The story oversimplifies the issue and doesn't quite get the Rancho Cucamonga Quakes' dinosaur mascot case right. I was a bit surprised to see it referenced. It isn't even part of California case law. The ruling is only authority in California district. And it doesn't seem to be as on point as the story makes it out to be. But in these electronic times, if you're an attorney arguing a case, West makes it easy to find rulings that might be persuasive.
Most such litigation against sports teams has to do with fans getting hit by baseballs, bats, in whole or part, and hockey pucks. I've looked, and the only such case where I've ever seen where a fan prevail was when the Quakes mascot had his tail in a man's face, distracting him and preventing him from being able to react to the foul ball that injured him. The mascot didn't injure the fan. The mascot had nothing to do with the foul ball that did.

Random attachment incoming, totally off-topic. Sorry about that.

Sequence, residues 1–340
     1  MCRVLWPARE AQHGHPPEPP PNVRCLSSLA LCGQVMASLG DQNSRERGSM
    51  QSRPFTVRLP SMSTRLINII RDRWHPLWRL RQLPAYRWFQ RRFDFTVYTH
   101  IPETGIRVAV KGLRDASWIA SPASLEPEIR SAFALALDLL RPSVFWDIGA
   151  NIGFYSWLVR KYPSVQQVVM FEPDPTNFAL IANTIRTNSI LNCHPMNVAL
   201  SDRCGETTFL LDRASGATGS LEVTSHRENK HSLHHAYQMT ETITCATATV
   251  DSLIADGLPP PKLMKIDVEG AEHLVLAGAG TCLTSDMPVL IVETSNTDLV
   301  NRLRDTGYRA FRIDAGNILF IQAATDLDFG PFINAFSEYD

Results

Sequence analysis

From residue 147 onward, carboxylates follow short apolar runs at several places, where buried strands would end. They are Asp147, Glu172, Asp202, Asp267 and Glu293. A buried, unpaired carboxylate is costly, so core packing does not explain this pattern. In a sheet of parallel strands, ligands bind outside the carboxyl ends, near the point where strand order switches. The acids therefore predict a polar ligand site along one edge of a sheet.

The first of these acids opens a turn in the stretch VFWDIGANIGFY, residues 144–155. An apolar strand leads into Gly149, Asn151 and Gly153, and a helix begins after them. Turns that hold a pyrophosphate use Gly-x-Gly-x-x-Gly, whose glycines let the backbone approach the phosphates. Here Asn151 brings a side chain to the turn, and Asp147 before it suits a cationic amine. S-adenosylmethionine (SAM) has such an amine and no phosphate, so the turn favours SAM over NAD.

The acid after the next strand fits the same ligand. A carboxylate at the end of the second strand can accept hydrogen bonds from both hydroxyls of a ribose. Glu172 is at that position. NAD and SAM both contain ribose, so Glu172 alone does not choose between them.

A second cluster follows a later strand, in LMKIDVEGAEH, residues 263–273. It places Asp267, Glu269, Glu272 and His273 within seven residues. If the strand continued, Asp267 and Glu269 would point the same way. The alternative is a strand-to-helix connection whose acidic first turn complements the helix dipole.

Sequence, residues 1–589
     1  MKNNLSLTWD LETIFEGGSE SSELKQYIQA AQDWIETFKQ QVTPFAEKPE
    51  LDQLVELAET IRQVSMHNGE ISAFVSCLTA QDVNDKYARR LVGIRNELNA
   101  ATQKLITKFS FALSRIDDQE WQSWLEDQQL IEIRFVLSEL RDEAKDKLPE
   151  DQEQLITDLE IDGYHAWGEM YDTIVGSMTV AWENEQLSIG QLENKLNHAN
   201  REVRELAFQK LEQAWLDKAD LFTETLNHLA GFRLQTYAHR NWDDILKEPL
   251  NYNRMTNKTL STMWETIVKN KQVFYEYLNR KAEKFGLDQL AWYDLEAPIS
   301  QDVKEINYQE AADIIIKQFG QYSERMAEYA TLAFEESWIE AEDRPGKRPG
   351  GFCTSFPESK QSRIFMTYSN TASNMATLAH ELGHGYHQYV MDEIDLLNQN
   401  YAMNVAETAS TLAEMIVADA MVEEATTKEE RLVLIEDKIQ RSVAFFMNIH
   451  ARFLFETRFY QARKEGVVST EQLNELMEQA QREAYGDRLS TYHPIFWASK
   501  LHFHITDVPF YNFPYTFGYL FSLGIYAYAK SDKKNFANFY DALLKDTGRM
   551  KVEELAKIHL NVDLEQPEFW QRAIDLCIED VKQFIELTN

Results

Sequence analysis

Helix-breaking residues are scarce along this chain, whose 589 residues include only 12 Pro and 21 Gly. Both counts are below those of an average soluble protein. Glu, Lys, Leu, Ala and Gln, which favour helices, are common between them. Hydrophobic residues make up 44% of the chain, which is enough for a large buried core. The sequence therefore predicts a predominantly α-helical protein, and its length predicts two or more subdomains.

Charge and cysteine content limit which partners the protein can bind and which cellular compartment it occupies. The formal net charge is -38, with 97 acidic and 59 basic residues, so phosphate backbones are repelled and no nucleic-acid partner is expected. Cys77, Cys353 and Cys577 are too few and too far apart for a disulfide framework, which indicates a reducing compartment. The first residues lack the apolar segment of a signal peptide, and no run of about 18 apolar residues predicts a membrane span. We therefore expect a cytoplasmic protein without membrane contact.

Part of the point to the foul/thrown-ball cases, though is that teams don't have control over such things and fans carry an assumption of risk. Mascots throwing things into the stands should be different. In this Royals case, the injury was caused by the mascot. Without knowing more specifics than the brief coverage provides, it looks like this fan has a case.
This case seems to be something entirely different from the foul-ball stuff. And case law is needed in this specific area because it's only a matter of time before a T-shirt canon begins taking out fans.